Discovery Playhouse exhibit to be legacy of 3-year-old who died unexpectedly

Wednesday, May 23, 2012
Levi Collom plays in the Kim's Secret Water Garden exhibit at the Discovery Playhouse in Cape Girardeau. The Benton, Mo., preschooler died of unknown causes March 18 at Cardinal Glennon Hospital in St. Louis. (Submitted photo)

SIKESTON, Mo. -- Preschooler Levi Collom loved superheroes, often referring to them as "superpowers" to his parents.

"He was of that age where superheroes were the big thing," said his father, Glenn Collom of Benton, Mo., adding Levi and his older sister, Victoria, would play together with superheroes often.

But Levi, who died March 18 of unknown causes, seemingly had superpowers of his own.

Levi was the grandson of Steve Mosley, a longtime teacher at Notre Dame Regional High School in Cape Girardeau, and Viney Mosley, the director of the Cape Girardeau River Heritage Museum.

"It's amazing to me the number of lives that Levi -- in his short, little time -- had touched," Viney Mosley said.

Former caregivers, current preschool teachers, church members, friends and community members who paid their respects at Levi's funeral all had their own Levi stories to share, she said.

"He was just the sweetest little boy," paternal grandmother Bobbi Collom of Sikeston said. " ... He didn't use you. He would ask for things. He didn't throw a fit if he didn't get what he asked for. He would just say, 'OK.' But that was just the kind of child he was."

Now his family is planning to share their superhero with the rest of Southeast Missouri through an outdoor exhibit at one of Levi's favorite places to visit, the Discovery Playhouse in Cape Girardeau. "We want children to spend time together with their families, having fun like we used to do," Bobbi Collom said.

"The reason we picked the Discovery Playhouse was because when this tragedy happened, my mom had suggested having people make a memorial donation to the Discovery Playhouse because he liked to go there when he was at MiMi's house," recalled Ellen "Ellie" Collom, Levi's mother.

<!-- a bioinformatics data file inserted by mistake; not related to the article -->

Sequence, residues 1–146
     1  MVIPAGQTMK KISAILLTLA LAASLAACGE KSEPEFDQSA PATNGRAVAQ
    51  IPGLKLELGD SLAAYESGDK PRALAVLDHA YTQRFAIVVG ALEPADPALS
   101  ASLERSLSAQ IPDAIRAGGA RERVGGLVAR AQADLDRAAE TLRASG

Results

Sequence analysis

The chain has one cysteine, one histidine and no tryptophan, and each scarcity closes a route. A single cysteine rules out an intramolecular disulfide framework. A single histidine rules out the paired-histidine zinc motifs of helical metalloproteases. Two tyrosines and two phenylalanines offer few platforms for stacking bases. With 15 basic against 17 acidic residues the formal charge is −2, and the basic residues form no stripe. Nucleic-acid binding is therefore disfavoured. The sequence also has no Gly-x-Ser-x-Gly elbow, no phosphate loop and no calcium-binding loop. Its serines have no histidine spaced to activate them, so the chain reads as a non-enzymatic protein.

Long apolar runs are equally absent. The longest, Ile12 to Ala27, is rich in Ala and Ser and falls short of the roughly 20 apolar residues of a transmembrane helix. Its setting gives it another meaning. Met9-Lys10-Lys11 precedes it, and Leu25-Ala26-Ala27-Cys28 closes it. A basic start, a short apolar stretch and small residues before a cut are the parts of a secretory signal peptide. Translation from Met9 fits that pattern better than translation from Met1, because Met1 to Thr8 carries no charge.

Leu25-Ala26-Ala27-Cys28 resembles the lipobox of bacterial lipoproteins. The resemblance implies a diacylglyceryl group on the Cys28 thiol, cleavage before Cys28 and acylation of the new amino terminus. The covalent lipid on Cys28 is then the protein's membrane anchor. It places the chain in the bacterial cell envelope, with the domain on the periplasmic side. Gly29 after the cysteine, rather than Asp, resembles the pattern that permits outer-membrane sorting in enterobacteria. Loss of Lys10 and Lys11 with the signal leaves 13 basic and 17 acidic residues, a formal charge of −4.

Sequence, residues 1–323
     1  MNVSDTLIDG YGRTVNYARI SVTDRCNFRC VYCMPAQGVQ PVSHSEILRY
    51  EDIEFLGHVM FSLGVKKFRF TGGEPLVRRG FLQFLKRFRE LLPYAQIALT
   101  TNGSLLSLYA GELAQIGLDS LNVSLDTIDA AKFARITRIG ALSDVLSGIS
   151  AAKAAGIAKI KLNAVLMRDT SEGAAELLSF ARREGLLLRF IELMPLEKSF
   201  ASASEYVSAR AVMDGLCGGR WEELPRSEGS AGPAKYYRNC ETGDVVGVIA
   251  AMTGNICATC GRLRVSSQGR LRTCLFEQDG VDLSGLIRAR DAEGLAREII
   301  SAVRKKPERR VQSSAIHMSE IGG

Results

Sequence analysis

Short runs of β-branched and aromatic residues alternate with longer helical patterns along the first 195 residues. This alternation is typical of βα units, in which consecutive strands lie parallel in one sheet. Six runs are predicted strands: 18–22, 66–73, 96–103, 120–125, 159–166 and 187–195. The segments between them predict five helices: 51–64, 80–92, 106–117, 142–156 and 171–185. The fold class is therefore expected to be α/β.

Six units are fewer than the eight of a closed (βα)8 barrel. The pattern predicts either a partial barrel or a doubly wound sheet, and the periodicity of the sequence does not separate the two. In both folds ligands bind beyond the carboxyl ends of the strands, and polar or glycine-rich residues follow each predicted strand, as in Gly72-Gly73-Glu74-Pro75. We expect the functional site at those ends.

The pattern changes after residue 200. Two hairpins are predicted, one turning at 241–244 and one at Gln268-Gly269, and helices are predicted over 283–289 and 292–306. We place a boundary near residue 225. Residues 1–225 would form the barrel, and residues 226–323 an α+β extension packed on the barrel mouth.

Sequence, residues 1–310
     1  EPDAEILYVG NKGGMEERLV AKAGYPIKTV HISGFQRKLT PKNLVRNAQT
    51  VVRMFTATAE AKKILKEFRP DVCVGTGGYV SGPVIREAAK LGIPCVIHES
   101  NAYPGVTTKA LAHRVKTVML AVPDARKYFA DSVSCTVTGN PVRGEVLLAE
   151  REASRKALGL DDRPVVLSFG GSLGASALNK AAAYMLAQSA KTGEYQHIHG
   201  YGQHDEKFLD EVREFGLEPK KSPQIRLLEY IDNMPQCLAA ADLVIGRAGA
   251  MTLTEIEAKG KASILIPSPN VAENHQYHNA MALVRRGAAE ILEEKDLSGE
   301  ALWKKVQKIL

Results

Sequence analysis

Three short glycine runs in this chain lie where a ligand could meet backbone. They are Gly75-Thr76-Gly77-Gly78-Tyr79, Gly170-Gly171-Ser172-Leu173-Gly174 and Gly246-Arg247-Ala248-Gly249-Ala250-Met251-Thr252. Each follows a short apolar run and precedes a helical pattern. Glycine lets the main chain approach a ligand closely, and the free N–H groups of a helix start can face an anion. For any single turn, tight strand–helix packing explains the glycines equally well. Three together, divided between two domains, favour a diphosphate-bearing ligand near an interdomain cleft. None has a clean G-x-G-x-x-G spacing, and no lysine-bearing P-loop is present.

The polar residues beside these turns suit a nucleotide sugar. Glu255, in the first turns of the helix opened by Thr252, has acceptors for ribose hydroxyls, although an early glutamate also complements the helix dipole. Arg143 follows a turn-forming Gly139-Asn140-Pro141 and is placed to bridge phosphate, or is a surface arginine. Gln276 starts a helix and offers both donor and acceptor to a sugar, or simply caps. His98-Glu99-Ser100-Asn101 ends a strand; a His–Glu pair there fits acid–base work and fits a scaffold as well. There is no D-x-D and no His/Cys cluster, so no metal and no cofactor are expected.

"The exhibit would be things all of our family have done with Levi, and his favorite things," she said.

In addition to superheroes, especially Spider-Man and Batman, Levi loved riding his John Deere Gator, jumping on the trampoline, reading books and watching the Power Rangers on TV.

But the exhibit is not just about him, Levi's mother said.

"It's what he and his sister would do together and what he and his daddy would do and what we would all do as a family together," Ellie Collom said, adding that Levi liked playing with his sister and camping with his family at Van Buren, Mo.

The cost to start the project is estimated at $100,000. Collom family friend Gina Crabtree of Jackson suggested they conduct a fundraiser for the project.

"After Levi passed, Ellie was frozen and couldn't move," Crabtree said. "I spent some weeks with the family afterward."

Crabtree, whose own mother lost a child, said she could remember her mother afterward not wanting to get out of bed.

"She was totally disconnected," Crabtree said. "I was trying to think of something that would help Ellie heal."

Crabtree recalled talking one night with her friend and also Collom family friend, Phil Brinson, who is the owner of Jeremiah's Restaurant and Lounge in Sikeston.

"He and I got to talking about his bar going on its 20th anniversary and thought we could combine this event for Levi," Crabtree said, adding Brinson offered the restaurant's patio for the fundraiser.

Set to begin at 6 p.m. Friday, the "Help Levi's Legacy Live On" fundraiser will take place under tents on the east side of Jeremiah's in Sikeston.

"When you're going through a tragedy like this, you don't have the time to sit and think about what needs to happen," Ellie Collom said. "So if it wasn't for our friends who are involved in doing this, this wouldn't be where it is."

Levi's family will announce details about the exhibit during the fundraiser and a concept drawing of the exhibit is slated to be unveiled.

"When they make a memorial exhibit, they are actually able to embed things that would mean things to us as a family. The kids coming to the exhibit may not actually know what those things mean to us," Ellie Collom said.

Levi's older sister is also going to work with the exhibit's artist.

"It would be an additional chance for children to play and have fun with their families and raise their children's spirit and keep Levi's spirit alive," Viney Mosley said of the exhibit.

The goal is for construction to begin in spring 2013.

"This is not a one-time deal," Collom said of the fundraiser. "You can add on to the exhibit, and it can come in several different phases."

The exhibit will have to be maintained, too.

Music, food, beverages, a silent auction, door prizes, raffle tickets and other entertainment are planned for the event, which requires a $15 cover charge.

Collom said 100 percent of the fundraiser's profits will go toward the exhibit, and all donations are tax-deductible.

Planning for the exhibit and upcoming fundraiser have helped the Collom family with the grieving process, Collom said. The exhibit will keep the preschooler's memory alive and provide a way for other children and their families to spend time together doing things he loved.

"When a child like Levi passes, my immediate thought was: 'If I'd known that, I probably wouldn't have worked [a full-time job],'" Ellie Collom said. "But then I realized ... Levi had a job, too, and his job was to share his spirit and his joy and his love with other people."

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